• This study was conducted to predict the changes of potential distribution for invasive alien plant, Conyza bonariensis in Korea. C. bonariensis was found in southern Korea (Jeju, south coast, southwest coast). The habitats of C. bonariensis were roadside, bare ground, farm area, and pasture, where the interference by human was severe. Due to the seed characteristics of Compositae, C. bonariensis take long scattering distance and it will easily spread by movement of wind, vehicles and people. C. canadensis in same Conyza genus has already spread on a national scale and it is difficult to manage. We used maximum entropy modeling (MaxEnt) for analyzing the environmental influences on C. bonariensis distribution and projecting on two different RCP scenarios, RCP 4.5 and RCP 8.5. The results of our study indicated annual mean temperature, elevation and temperature seasonality had higher contribution for C. bonariensis potential distribution. Area under curve (AUC) values of the model was 0.9. Under future climate scenario, the constructed model predicted that potential distribution of C. bonariensis will be increased by 338% on RCP 4.5 and 769% on RCP 8.5 in 2100s.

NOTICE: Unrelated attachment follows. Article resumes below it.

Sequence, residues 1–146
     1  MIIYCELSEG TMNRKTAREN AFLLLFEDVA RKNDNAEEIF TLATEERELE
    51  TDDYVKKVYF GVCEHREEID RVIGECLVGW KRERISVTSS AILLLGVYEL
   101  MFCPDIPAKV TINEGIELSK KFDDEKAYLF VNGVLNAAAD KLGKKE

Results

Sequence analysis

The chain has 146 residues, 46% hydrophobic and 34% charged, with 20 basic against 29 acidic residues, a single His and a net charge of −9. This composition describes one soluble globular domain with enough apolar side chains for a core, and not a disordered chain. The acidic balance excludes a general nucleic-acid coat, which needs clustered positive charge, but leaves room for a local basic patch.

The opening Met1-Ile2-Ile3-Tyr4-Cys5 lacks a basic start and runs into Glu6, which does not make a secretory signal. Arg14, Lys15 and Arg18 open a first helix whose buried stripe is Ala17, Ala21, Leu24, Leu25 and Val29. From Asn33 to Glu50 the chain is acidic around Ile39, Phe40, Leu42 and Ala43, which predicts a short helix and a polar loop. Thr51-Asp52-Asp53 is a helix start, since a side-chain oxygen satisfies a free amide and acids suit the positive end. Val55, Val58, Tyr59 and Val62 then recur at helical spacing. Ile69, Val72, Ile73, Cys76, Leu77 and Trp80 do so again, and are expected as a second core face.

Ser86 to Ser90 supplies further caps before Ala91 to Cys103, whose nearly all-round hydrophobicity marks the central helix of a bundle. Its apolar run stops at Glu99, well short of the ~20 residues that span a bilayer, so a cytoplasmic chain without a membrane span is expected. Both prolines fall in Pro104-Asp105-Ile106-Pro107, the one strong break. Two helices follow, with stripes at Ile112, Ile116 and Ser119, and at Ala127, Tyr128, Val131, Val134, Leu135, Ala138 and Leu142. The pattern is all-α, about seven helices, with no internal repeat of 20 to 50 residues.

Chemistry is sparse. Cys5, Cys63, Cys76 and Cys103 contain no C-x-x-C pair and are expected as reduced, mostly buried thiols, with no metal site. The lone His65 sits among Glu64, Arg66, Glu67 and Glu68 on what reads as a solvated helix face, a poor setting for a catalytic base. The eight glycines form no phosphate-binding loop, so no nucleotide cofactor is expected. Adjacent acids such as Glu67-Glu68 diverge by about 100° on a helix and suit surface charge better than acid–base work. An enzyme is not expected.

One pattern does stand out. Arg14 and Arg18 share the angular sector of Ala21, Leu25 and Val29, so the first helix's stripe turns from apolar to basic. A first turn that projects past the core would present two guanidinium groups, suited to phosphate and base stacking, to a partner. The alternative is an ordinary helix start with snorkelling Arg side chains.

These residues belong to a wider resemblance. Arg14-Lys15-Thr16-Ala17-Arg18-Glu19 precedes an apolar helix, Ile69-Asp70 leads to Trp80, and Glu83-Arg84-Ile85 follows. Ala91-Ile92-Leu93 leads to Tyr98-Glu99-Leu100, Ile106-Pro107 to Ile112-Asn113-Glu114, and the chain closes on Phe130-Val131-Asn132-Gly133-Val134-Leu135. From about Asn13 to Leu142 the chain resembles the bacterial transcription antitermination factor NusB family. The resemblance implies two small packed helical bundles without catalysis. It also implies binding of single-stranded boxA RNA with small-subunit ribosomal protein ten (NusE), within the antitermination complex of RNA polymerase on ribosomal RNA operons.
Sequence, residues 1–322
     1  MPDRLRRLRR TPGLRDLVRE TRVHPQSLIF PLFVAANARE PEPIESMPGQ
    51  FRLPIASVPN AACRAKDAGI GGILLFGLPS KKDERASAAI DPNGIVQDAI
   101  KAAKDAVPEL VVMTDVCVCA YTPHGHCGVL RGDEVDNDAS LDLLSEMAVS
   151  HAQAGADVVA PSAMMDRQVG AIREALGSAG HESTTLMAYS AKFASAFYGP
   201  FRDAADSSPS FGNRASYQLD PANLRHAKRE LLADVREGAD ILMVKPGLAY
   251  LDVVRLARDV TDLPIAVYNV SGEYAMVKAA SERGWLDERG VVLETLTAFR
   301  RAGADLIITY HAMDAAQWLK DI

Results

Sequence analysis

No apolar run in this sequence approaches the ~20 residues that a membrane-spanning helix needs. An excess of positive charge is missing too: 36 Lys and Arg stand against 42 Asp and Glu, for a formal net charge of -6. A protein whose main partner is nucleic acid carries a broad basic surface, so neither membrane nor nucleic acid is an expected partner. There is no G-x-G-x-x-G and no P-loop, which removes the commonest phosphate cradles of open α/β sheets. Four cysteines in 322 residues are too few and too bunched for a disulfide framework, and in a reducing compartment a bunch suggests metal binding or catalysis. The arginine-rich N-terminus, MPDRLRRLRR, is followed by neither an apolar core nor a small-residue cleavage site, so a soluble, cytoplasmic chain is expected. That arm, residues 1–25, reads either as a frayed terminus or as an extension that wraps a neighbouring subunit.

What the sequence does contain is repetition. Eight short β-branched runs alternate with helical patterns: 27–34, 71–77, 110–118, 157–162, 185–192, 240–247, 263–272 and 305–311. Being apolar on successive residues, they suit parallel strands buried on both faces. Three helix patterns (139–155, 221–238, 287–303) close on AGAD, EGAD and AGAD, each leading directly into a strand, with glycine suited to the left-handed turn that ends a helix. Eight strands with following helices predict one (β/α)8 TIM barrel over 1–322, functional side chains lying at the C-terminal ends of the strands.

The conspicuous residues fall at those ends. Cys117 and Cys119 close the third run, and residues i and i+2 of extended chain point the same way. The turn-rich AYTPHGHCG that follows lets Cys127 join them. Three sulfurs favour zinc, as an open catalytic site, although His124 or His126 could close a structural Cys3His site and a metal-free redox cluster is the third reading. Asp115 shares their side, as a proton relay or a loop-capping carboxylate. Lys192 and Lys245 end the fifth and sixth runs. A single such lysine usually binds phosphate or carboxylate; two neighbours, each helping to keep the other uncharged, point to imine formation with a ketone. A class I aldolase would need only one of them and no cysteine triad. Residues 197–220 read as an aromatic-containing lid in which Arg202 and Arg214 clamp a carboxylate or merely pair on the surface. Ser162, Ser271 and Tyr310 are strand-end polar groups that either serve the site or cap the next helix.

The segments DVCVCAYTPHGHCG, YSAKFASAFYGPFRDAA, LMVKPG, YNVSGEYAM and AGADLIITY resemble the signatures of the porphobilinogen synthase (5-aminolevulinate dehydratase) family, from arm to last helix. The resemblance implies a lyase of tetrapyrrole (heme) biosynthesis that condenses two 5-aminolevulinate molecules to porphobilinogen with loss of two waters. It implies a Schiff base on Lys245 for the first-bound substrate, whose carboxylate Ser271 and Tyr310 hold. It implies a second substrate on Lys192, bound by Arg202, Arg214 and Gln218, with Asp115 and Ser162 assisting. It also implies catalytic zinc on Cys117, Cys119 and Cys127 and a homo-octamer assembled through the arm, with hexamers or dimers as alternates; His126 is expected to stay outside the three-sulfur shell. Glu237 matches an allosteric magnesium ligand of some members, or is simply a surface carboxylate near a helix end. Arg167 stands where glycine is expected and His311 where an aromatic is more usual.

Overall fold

Vascular Plants of Major Wetlands in Gyeongju National Park - Focused on Tohamsan wetland, Amgok wetland and Namsan wetland - (경주국립공원 내 주요습지의 관속식물상 - 토함산습지, 암곡습지, 남산습지를 중심으로 -)

  • You, Ju-Han;Kwon, Soon-Young
    • Journal of the Korean Society of Environmental Restoration Technology
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    • v.21 no.1
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    • pp.41-54
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    • 2018